Background. The heterogeneity of schizophrenic and delusional
syndromes by age of onset has frequently been discussed.
Methods. The age distribution of symptoms and 5 year course
studied in a population-based
first-episode sample admitted to 10 psychiatric hospitals before the age
60 (N=232) and in a
clinical sample without age limit of consecutive first admissions to a
hospital (N=1109), both samples with broadly diagnosed schizophrenia.
Results. Early-onset patients, particularly men, presented
more non-specific symptoms and higher
PSE-CATEGO total scores than late-onset patients. In men, symptom severity
increasing age of onset. In women, it remained stable except for an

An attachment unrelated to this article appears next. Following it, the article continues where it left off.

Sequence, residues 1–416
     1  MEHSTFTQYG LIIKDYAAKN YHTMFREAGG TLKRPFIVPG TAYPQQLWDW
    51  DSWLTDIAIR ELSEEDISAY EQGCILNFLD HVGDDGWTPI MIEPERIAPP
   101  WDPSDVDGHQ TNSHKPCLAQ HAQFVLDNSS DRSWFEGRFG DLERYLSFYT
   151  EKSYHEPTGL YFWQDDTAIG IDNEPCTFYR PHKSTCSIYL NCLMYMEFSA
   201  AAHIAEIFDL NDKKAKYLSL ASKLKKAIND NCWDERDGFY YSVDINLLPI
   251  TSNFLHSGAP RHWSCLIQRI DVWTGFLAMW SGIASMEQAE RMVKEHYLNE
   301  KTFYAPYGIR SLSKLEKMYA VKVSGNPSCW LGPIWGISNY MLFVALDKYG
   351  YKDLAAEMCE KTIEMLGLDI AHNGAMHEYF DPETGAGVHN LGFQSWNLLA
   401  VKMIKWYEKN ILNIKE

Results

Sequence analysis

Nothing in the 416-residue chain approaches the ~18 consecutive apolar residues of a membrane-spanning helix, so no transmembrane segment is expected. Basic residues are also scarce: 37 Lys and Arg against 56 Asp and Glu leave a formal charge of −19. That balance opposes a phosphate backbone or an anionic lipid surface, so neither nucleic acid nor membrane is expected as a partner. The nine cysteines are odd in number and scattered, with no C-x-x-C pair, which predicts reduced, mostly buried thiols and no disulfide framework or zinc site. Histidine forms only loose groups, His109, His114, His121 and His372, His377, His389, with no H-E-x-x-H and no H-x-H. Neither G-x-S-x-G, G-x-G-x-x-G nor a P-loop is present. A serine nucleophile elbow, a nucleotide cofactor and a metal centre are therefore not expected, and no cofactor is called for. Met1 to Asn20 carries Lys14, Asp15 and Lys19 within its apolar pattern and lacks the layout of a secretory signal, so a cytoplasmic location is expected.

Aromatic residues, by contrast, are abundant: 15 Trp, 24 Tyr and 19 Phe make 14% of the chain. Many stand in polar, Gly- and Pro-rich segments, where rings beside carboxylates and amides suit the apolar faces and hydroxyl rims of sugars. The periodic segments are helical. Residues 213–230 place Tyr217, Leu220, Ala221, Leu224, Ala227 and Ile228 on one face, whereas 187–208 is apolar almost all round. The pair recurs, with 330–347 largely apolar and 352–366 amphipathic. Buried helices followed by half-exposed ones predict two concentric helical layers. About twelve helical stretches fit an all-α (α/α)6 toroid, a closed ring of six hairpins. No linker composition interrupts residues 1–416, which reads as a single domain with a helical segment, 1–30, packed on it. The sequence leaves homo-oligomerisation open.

increase of negative symptoms
with late-onset. Only a few symptoms changed markedly with age:
disorganization decreased, while
paranoid and systematic delusions increased steeply across the whole age
of onset range. Pronounced
age- and sex-differences emerged in illness behaviour, socially negative
behaviour and substance
abuse. Within the group of late-onset psychoses there were continuous transitions
profiles and no discrimination between schizophrenia and paranoid
psychosis or late paraphrenia.
The main determinant of social course was onset level of social
development. Early-onset patients
did not improve in social status, while late-onset patients, prior
to retirement, suffered considerable decline in social status.
Conclusions. Gender differences in age at onset and in age
trends in symptom severity support the
hypothesis of a mild protective effect of oestrogen. Social course results
from an interplay between
biological factors (age at onset and functional impairment) and development
factors (level of social development at onset and illness behaviour).